Mar 7, 2008
By: Alvaro Fernandez
A quick teaser: Imagine you are one of 120 people in a room. Each person in the room is given two lengths of rope and told to chose two of his or her four rope-ends at random and to tie them together. Then each person is told to tie the remaining two rope-ends together.
Then, we count up the loops of rope. How many should there be?
When each person prepares to choose his second rope-end, we note that one of the available three rope-ends is the other end of the rope he is holding, and the other two are from the other length of rope.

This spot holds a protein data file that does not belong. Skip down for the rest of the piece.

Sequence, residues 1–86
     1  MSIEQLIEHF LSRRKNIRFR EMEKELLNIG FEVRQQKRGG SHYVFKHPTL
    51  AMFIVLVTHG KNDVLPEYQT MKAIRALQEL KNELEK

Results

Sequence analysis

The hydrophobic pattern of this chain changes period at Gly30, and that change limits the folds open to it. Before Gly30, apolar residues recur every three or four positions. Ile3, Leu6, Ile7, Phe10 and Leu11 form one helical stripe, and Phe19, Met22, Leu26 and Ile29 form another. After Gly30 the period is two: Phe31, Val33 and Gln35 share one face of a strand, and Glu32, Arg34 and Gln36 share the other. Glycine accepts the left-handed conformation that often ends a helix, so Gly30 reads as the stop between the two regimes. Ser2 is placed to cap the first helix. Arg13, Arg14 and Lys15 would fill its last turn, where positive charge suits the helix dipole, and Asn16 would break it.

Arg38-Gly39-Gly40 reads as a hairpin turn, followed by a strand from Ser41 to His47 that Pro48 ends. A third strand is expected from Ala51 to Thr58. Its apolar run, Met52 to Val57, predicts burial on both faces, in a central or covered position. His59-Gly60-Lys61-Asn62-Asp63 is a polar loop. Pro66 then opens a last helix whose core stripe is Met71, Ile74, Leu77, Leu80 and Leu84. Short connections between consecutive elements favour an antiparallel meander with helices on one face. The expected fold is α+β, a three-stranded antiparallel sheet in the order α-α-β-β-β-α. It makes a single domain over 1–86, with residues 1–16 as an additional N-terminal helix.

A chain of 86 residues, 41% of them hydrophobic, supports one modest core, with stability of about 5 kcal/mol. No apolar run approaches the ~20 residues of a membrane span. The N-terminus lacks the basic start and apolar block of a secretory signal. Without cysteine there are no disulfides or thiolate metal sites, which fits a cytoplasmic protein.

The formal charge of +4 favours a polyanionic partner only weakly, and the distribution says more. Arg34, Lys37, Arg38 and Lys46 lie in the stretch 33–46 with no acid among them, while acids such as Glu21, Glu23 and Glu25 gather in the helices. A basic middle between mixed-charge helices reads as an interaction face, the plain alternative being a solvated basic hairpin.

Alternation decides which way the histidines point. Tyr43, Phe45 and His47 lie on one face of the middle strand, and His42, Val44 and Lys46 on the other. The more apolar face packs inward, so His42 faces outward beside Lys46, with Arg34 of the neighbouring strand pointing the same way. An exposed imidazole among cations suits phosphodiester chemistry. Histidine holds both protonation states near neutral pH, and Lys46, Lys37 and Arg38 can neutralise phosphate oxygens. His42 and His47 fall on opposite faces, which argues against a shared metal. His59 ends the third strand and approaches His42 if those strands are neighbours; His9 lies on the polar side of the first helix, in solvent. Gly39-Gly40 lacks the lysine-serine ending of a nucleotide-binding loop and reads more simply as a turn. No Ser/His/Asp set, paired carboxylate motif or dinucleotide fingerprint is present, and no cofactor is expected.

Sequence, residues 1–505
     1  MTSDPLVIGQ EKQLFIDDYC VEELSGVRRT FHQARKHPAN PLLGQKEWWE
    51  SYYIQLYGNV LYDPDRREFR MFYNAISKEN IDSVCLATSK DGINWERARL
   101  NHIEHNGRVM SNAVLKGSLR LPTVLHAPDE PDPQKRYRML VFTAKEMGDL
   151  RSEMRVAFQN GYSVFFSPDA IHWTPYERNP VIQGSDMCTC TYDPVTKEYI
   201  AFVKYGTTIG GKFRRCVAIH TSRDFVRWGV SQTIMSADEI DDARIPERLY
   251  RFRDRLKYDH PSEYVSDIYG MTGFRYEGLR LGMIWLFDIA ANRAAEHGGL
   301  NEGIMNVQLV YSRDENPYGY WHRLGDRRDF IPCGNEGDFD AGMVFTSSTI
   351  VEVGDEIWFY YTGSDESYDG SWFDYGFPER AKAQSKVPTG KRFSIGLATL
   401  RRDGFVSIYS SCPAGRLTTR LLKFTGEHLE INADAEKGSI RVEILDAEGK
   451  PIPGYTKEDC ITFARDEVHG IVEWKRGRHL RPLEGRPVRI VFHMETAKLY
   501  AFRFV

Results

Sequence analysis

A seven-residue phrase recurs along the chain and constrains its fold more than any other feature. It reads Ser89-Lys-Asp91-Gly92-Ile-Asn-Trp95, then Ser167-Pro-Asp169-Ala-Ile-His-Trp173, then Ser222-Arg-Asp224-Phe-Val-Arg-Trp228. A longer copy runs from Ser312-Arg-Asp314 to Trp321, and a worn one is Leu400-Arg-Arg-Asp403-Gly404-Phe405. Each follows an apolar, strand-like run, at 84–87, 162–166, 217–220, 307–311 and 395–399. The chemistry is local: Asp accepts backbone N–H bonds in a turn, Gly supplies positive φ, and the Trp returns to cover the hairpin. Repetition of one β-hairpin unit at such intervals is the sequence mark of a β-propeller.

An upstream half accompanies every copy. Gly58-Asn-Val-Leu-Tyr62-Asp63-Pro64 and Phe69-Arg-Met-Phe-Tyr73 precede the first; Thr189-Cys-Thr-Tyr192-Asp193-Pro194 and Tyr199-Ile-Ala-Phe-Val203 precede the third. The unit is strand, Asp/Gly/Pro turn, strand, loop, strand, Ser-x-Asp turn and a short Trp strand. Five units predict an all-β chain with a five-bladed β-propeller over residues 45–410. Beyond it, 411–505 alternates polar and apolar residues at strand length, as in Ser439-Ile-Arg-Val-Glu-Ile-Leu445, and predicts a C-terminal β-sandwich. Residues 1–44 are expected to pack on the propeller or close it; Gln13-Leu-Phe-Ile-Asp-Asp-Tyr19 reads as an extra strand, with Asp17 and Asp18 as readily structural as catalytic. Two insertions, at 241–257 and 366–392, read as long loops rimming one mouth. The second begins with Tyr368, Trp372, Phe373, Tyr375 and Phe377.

He is equally likely to pick any of these three rope-ends, so there is a one-in-three chance that he will create a loop at this time, and a two-in-three chance that he will instead simply join two ropes into one. He’ll be left with one rope (plus possibly a loop). Either way, he’ll tie his final rope into a loop in the second step.
Therefore, we expect one third of the people (40) to have made two loops, and the remaining two-thirds (80) to have made one, for a total of (40 x 2 + 80 = ) 160 loops.